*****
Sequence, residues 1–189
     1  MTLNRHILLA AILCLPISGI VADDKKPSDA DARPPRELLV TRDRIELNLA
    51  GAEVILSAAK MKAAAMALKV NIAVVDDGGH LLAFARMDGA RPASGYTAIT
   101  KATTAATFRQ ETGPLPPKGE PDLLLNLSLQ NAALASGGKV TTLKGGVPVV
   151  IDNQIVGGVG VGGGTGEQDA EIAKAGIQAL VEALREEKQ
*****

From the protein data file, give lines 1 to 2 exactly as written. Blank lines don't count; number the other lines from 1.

Sequence, residues 1–189
     1  MTLNRHILLA AILCLPISGI VADDKKPSDA DARPPRELLV TRDRIELNLA